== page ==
Please, Please Buy My Book — Part Septième

April 2, 2023

In lieu of some weird shit off the endless horror stories of the nowadays, we’ll again try this Sunday afternoon to persuade you few readers out there with yet another plea to please, please buy my novel, and help an old guy who didn’t plan whatsoever for his retirement make a few extra bucks.

In the course of literary art, this solicitation to purchase “Brown-Eyed Girl With A Cold Cororna,” published last year by Outskirts Press, has become a semi-formal event here at Compatible Creatures — this the seventh such appeal (the last one in February) and will most likely continue as I also have no plan in the marketing angle of publishing, either.

The Amazon/Kindle page is here.
My author’s page at Outskirts Press is here.

A review:

‘Fast paced, chilling and hauntingly lovely’

Not since the Time Travelers Wife has a story tugged at my heart, f*** with my head, and left me so chilled, haunted and thoroughly impressed. A vivid, romantic and ultimately chilling debut, I sincerely hope this author doesn’t stop here. A new, genre bending talent has been unleashed and I personally can’t wait to see what he comes up with next.

Nothing at all in the pipeline right now.

Although ‘Corona Girl‘ is a murder mystery/romance/fantasy/horror hybrid, its story gives the reader a good look at life in a California beach town in the mid-1990s during Spring Break. I wrote the first draft in the summer of 1994 and the lay of the novel is my life at the time, just hyper-tweaked for drama. As I wrote last year: ‘If my memory is correct, by mid-summer (of ’94) I’d enough of a manuscript with characters and storyline to come-up with a title, “Brown-Eyed Girl With A Cold Corona,” and with continual editing, expanding chapters, segment revisions, the final version was copied/typed from my notes onto clean, easily-read hardcopy pages in late 1999. And for various reasons and circumstances, then spent more than 20 years languishing silently in a cardboard box from Poor Richard’s Press.

Summary from the Amazon page:

Spring break mid-1990s in a small California beach town. A middle-aged man suffering a ‘mid-life crisis’ meets a young woman while out barhopping with a friend, and in less time than it takes for a few strokes of a Corona bottle, she creates an emotional whirlpool that will threaten his sanity. Yet will eventually lead to uncovering a murder.

Narrated in nearly-stream-of-consciousness by the man as he spends the next couple of days floating through a movable bubble of strange, but wondrous daydreams beyond his imagination, spiced by illusions of the young woman. Engulfed within those hallucinatory outings still churns the ‘crisis’ he is experiencing — divorce after a longtime marriage collapsed, then financial ruin, followed by guilt over not being there for his children, chaos made the worse by booze.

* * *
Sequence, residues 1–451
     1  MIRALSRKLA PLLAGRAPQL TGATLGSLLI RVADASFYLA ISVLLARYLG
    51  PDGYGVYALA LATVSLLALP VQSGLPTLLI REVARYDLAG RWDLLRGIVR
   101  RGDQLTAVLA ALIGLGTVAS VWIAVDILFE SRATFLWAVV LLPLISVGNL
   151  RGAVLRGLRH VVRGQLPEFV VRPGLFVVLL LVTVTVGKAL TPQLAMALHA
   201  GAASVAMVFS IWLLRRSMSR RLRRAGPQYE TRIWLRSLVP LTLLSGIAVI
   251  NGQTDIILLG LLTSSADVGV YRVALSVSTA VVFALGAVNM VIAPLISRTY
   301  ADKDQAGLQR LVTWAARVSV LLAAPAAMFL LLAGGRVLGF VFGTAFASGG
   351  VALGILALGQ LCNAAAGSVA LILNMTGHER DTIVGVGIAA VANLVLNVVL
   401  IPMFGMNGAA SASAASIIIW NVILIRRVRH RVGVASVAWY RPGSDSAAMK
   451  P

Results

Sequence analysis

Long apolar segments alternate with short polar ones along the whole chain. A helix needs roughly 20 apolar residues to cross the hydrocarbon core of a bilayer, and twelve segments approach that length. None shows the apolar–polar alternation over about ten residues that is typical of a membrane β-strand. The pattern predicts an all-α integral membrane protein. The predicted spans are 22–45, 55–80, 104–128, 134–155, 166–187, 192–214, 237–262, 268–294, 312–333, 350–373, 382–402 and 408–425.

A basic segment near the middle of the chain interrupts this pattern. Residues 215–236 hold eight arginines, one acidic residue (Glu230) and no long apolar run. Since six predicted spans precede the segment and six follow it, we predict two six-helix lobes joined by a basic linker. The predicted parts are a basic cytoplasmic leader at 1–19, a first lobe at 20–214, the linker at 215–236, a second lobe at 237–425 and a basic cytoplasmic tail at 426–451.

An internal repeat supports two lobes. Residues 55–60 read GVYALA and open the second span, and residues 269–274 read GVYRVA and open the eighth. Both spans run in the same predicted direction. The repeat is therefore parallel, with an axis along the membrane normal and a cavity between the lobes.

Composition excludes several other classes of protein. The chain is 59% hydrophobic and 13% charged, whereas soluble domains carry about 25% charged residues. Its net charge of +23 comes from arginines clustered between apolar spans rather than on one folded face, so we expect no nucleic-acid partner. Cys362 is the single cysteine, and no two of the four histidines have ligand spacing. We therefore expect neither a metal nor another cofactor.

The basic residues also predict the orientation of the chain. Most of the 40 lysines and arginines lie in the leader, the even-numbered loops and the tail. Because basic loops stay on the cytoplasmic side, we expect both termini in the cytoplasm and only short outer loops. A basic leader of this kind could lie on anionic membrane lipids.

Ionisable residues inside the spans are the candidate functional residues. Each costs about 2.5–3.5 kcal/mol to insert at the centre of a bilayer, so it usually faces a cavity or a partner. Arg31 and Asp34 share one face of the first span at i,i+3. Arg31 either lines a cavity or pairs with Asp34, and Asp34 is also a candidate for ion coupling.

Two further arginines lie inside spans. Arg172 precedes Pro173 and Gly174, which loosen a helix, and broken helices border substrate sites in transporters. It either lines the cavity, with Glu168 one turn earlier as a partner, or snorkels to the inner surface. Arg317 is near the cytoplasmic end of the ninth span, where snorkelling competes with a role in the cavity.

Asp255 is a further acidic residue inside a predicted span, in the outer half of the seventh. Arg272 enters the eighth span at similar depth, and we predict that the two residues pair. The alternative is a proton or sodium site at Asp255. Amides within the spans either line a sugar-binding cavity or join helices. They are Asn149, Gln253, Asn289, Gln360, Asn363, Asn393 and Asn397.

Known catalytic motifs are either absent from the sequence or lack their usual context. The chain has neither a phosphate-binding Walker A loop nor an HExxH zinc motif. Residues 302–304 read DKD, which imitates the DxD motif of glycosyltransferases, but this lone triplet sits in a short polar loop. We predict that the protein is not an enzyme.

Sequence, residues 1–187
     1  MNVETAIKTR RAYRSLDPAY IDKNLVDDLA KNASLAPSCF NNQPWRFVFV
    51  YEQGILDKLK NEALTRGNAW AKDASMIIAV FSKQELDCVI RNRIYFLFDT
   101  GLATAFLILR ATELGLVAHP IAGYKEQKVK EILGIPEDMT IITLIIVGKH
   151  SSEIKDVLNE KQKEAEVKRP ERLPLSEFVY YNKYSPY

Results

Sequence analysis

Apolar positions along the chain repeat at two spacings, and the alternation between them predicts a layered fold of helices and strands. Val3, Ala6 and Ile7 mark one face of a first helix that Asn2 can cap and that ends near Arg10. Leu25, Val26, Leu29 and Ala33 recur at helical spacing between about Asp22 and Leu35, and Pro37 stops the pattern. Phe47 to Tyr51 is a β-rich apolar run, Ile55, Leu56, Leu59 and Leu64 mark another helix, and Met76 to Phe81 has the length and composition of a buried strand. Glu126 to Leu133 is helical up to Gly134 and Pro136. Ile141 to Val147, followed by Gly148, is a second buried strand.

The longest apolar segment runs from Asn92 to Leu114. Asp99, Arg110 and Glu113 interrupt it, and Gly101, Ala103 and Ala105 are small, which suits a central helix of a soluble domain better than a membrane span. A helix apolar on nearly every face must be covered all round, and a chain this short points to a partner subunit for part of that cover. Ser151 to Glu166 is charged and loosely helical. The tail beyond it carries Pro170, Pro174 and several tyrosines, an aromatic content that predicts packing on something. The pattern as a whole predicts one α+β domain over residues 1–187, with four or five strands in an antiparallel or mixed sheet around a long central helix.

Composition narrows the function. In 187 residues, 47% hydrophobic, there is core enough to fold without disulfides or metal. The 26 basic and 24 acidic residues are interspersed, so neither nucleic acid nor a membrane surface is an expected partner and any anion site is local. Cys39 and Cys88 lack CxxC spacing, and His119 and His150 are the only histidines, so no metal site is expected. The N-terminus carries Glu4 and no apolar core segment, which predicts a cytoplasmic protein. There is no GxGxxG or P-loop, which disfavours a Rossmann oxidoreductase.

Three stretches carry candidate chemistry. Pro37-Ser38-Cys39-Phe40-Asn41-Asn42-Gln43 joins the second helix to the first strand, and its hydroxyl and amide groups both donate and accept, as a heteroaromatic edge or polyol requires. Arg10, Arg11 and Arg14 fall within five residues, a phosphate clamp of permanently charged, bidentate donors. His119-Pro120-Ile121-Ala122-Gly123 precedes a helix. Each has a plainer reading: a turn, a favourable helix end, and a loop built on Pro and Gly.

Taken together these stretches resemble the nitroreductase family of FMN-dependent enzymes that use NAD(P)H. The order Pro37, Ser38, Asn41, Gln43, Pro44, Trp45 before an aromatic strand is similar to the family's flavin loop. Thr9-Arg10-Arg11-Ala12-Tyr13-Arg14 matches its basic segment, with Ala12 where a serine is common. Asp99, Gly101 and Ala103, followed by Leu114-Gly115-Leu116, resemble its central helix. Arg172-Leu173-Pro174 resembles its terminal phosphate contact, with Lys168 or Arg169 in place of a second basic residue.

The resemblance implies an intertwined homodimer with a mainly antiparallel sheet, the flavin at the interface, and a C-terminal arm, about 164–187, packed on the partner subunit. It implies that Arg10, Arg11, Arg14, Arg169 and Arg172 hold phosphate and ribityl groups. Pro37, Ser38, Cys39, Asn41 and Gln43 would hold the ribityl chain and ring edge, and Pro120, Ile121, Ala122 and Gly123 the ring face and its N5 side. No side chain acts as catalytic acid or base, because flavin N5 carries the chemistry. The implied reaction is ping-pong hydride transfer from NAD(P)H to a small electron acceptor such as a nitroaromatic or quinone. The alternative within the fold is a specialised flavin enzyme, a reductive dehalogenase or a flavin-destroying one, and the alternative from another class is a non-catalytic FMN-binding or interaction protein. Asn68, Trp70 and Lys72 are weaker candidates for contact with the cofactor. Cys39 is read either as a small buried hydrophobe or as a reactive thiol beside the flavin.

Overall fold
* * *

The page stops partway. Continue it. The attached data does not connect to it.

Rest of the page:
A mental state also intensified by his desire to creatively write again, dabbling even in poetry, a literary form he hadn’t messed with for near two decades. And also discovering he can cry too easily.
Instead of employment at a level with his age, his life’s work, and education, he’s chief night cook at a popular Italian pizzeria in Pismo Beach, an old, old guy compared to his way-youthful co-workers. However, he develops a knack for the phrase, ‘Yeah right,’ and the music of 4 Non Blondes.
Spring break at a pizza joint is beyond the concept of pandemonium, yet he handles the pressure, though, in a whining-like poise. Despite the restaurant getting slammed, and all the rush, disorder, and craziness that comes from it, the young woman makes two visionary visits, once playing out the scene at the bar — near-insane situations he conceals by playing dumb, which as it turns out, is quite easy.
Along with the cook’s job, he also occasionally prepares legal documents for his friend from the bar, a lawyer who’s reeling through a similar ‘crisis’ of divorce, and child guilt, who can’t seem to stay sober. In a short time, the two had developed an intense camaraderie of oddball misery — listening to their conversations one would think they were illiterate rednecks, cussing everything, and using the most-horrible grammar. Nonetheless, they’re ‘best buds,’ so in the words of the cook/writer’s 15-year-old daughter, with whom from time to time also shares a toke or two off a joint.

Two days following the meeting in the bar, and after a county courthouse visit to file a motion in a nasty divorce case, he encounters the young woman on the sidewalk, finds her to be much older in age, and too, carried a long-forgotten footnote tied to his distant past. A sensual trek through a seemingly hallucinogenic-like wormhole into a nostalgic neighborhood fabricated from a youthful, maybe more-secure time, generates an unraveling criminal scenario.
In like manner, he faces an abhorrent sacrifice in obtaining justice for that story.

A mystery is a mystery until it’s not. Visually written, “Brown-Eyed Girl With A Cold Corona” is a quick-paced exploration of life and love through the years, even beyond murder, with knowledge of the crime elucidated by the murder victim.

Despite me still thinking the project was really originally a kind of therapy, and maybe should have remained unavailable to the general public, but yet here it is and just an easy click away.

As a reminder — the Amazon ordering page is here.

There’s a preview tease of the first couple of chapters for the Kindle edition. Check it out.
And for your edification, the front/back cover:

As a literary-charm device, or not, once again here we are…

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